A further limitation of the study was the reliance on self-reported measures of physical activity and dietary behaviour . The use of accelerometers and emerging dietary recording technologies could have provided a more objective understanding of behavioural changes associated with the intervention. Certainly, the significant reduction in fat intake self- reported by the minimal intervention group across time was unexpected and contrary to our expectations. One explanation for this difference may be that patients were central to what was discussed during counselling sessions and, perhaps feeling well informed (from general media attention) about fat intake, tended not to focus conversation on how to change this aspect of their lifestyle. Another explanation is that following the motivational interviewing session, participants in the intervention group became more realistic in their self-reporting of fat intake whereas those in the minimal intervention group may have underestimated their overall fat intake. Despite this unexpected finding, it is important to reinforce the clinically-relevant biomedical outcomes related to lipids found in the current study. Cholesterol was significantly improved for those in the intervention group compared to the minimal intervention group for those identified with hypercholesterolemia at baseline. In addition, for those identified as obese, there was a significant increase in BMI across time among patients in the minimal intervention group.
Finally, we did not set out to determine a full the cost-benefit analysis of the intervention. However, we recognise the importance of identifying the cost of such an intervention. The estimated cost of delivering the intervention was based on the hours of staff time (16 hours/week for 40 weeks) relative to the mean number of counselling sessions attended (n = 2) by all those randomised into the counselling group who attended the baseline assessment (n = 203). On average, each patient received one hour of counselling. Therefore, the average cost of delivering the intervention per patient was between £47 and £63 (depending on the expertise and experience of the practitioner. The cost is relatively cheap, given the potential health gains possible from using such an approach. Furthermore, given that motivational interviewing tends to involve around substantially less face-to-face contact time with clients compared to traditional programmes and appears to be equally effective, as evidenced by three meta-analytic reviews [87–89], the lower time commitment involved makes MI a potentially cost-effective intervention especially when resources are limited .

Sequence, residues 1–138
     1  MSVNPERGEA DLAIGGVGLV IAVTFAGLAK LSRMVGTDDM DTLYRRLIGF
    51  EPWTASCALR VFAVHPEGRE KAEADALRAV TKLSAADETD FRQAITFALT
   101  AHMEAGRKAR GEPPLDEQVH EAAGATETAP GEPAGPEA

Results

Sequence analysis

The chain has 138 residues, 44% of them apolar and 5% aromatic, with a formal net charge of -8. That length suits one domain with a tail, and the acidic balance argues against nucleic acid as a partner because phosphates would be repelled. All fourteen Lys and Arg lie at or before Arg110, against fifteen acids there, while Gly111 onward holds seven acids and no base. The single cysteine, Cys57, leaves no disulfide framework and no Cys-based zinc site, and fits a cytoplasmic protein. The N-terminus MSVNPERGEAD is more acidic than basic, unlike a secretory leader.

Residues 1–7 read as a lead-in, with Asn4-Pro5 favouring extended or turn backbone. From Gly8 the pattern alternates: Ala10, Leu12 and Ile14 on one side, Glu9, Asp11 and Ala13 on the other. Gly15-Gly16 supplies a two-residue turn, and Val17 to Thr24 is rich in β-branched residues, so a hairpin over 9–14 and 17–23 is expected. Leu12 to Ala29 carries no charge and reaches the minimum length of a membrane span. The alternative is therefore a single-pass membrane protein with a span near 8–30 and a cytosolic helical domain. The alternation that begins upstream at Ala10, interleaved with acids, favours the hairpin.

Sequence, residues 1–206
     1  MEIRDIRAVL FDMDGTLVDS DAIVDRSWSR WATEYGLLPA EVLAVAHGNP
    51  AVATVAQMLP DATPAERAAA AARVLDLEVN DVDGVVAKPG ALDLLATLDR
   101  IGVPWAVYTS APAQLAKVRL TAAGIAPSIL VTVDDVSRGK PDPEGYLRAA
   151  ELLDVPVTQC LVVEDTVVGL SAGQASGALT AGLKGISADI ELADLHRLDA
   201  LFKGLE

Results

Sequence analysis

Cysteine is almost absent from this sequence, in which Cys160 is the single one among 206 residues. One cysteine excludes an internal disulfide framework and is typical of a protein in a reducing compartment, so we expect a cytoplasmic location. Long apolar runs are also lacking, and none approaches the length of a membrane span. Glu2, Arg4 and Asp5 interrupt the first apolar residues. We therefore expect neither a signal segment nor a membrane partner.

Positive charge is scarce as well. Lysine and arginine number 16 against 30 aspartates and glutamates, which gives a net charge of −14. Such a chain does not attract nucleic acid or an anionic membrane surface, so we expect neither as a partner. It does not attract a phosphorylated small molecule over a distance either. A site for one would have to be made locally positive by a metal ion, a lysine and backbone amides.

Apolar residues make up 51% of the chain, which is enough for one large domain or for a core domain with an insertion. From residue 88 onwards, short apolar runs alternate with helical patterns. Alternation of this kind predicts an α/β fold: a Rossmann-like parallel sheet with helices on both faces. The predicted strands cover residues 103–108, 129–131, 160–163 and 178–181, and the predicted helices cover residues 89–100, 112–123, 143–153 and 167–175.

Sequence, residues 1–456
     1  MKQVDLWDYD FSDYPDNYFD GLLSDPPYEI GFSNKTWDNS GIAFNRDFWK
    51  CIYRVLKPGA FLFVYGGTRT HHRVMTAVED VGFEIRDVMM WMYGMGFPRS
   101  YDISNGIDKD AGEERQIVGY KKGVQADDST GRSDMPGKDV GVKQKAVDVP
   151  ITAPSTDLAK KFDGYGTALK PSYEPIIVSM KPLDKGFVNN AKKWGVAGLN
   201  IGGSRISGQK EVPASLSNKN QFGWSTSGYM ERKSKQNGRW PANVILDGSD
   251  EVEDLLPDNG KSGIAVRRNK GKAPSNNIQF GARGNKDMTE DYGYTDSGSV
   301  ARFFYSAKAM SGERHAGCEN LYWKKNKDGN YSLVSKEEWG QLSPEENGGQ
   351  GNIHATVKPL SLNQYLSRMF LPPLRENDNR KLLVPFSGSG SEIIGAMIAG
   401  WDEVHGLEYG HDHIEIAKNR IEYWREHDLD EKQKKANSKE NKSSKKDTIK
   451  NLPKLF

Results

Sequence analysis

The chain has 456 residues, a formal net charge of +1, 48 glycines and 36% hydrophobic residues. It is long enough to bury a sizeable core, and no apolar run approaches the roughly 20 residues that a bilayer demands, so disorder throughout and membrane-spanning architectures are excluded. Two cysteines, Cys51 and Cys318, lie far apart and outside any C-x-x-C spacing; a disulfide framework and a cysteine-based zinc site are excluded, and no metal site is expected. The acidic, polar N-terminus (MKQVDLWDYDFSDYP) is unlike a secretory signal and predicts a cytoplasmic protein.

The current study contributes to a gap in the literature on the sustained effects of motivational interviewing on weight loss, physical activity and CVD risk factors a year following intervention. The MI intervention group sustained improvements in both walking and cholesterol. Also, for those with obesity and hypercholesterolemia at baseline, the MI intervention had a significant net favourable effect on BMI and cholesterol levels respectively.